Every founder deserves a fair opportunity to succeed, said Jannae Gammage, which is why she partnered with Charlotte Clark to launch a platform that would help entrepreneurs make value-driven decisions — while empowering investors to invest in them.
A core idea behind the new startup: entrepreneurs believe tech over people.
“I have been working side-by-side with founders in developing their businesses. One of the key things I saw was, when advice came from a person, they would accept it as far as they wanted to accept it. But when it came from tech, they were willing to fully accept it, even if it challenged them. So, we wanted to take the greatest minds, greatest consultants and develop this platform that can truly make businesses better,” said Gammage, CEO of Foresight.
Foresight is a risk-mitigation and strategy platform that uses artificial intelligence and deep learning to provide instant investability scores for business ideas and models.
“Foresight enables founders to ideate and validate their business,” Gammage explained. “It also allows investors to invest in low-risk, superior return ventures that increase fund performance — and in turn, grow ecosystems.”
Foresight provides a “Foresight Score” to founders who use the platform. The score is a standardized measure of investability that accounts for financial projections and startup stage, as well as personal data on the founder.
Gammage and Clark began ideating Foresight back in March. Clark, who serves as the CTO of Foresight and has a background in consulting, saw a need for a standardized tool that would objectively assess what stage a founder was at in their journey, she said.
“Coming from my consulting background, the biggest issue I was seeing was founders communicating that they were at a much more advanced stage than where they actually sit,” Clark noted. “It is very difficult to work with a founder and help them hit their goals when they are not fully aware of how close to investment they are or where their gaps are. … A lot of work as a consultant is accessing all of a founder’s documents and digging through them to get an accurate understanding of where they are at.”
Especially for first-time founders, many are unaware of the specifics and processes that go into securing investments, she continued.
“As I started to work more in accelerators, and as part of [University of Missouri-Kansas City], I realized that this problem was more than a handful of individuals — it happens with larger groups of founders,” Clark said.
Foresight is currently in a research and development phase, with a plan to launch in early 2023, the duo said. Founders already are on board to pilot the program and pull together the necessary resources, they added.
“The questionnaire is long and intense, so we’re really looking for people who are dedicated to understanding more about themselves and their businesses,” Clark said. “Part of the [Foresight] score is getting data on a founder and their backgrounds. Instead of it being about what college they went to, we’re making sure to ask questions about their experiences and personality. We plan to run a few founders through it and hear their feedback.”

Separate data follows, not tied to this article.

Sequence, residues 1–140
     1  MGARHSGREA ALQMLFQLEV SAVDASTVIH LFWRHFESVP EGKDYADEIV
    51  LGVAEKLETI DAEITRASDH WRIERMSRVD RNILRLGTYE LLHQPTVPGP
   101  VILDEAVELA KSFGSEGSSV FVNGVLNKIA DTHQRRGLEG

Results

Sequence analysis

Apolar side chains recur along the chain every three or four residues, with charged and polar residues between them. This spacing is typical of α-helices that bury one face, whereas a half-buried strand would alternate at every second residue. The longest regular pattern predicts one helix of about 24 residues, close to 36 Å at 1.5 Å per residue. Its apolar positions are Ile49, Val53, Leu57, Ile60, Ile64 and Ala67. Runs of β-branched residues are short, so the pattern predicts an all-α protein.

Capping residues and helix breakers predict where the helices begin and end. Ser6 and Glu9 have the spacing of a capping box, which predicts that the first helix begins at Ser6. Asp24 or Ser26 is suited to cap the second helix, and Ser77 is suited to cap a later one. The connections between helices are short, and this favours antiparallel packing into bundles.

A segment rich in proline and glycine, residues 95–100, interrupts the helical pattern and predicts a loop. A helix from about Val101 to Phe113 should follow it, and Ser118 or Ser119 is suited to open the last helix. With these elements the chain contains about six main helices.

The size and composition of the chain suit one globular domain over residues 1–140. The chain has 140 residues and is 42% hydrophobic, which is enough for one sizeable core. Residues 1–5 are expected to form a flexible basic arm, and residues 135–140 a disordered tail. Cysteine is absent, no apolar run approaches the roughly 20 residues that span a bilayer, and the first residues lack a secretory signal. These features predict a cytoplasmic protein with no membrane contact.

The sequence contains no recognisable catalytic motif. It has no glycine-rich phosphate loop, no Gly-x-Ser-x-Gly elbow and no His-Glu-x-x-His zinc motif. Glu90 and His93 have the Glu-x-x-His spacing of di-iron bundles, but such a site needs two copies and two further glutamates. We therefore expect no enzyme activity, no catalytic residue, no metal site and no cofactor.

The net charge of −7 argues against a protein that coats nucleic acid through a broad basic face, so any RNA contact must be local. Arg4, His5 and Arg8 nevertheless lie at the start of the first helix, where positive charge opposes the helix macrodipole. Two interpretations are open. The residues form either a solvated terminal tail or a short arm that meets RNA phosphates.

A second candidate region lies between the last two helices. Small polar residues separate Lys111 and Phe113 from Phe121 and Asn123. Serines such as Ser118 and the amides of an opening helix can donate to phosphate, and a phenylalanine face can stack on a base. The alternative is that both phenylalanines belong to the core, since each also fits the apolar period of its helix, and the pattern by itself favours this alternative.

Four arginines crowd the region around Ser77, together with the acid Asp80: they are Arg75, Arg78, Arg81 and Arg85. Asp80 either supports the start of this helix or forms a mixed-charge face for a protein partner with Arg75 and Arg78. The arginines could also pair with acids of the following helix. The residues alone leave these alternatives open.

Click here to join the waitlist for Foresight.
The duo envisions Foresight changing the entrepreneurial and investing landscape. For founders, they will become more informed on their businesses, go into investment meetings fully prepared and become more confident, Clark said.
“Founders can see investor meetings as a temperature test for whether or not they are investable, whether or not their business is going to work,” Clark explained. “For founders who talk to a few investors who then pass on them, they start to think that they need to change their business or strategy. But with our tool, founders will better be able to know that they have a strong idea and that it’s viable. Maybe some investors passed because they didn’t see the vision, but you can move on and pitch to a different investor.”
For investors, they will be able to clearly see the timeline of founders and their businesses and follow along with ideas they find interesting, Clark continued — noting that investors on Foresight will be able to track founders and see whether or not their scores improve.
Gammage and Clark also aim for Foresight to diversify investments by reducing implicit bias and providing insights through data, they said.
“I know how much work and the intense execution that goes into building software, but technology is able to help large groups of people and revolutionize an industry,” Clark said. “There’s really no other avenue to grow and scale a large number of businesses — other than building software and getting it up and running.”
Although Foresight is initially focusing on fundraising and capital, the founders’ long-term goal is for Foresight to be an ecosystem collaboration platform that founders, investors and ecosystem builders use to network and stay connected, they shared.
“It’s truly developed to help ecosystems connect and maintain visibility of capital, founders and impact,” Gammage said.
As for the Foresight score, Gammage envisions it to be comparable to the FICO score for creditworthiness, she said.
“We will be equivalent to the pitch deck,” Gammage said. “You won’t even need your pitch deck — just your Foresight score.”
This story is possible thanks to support from the Ewing Marion Kauffman Foundation, a private, nonpartisan foundation that works together with communities in education and entrepreneurship to create uncommon solutions and empower people to shape their futures and be successful.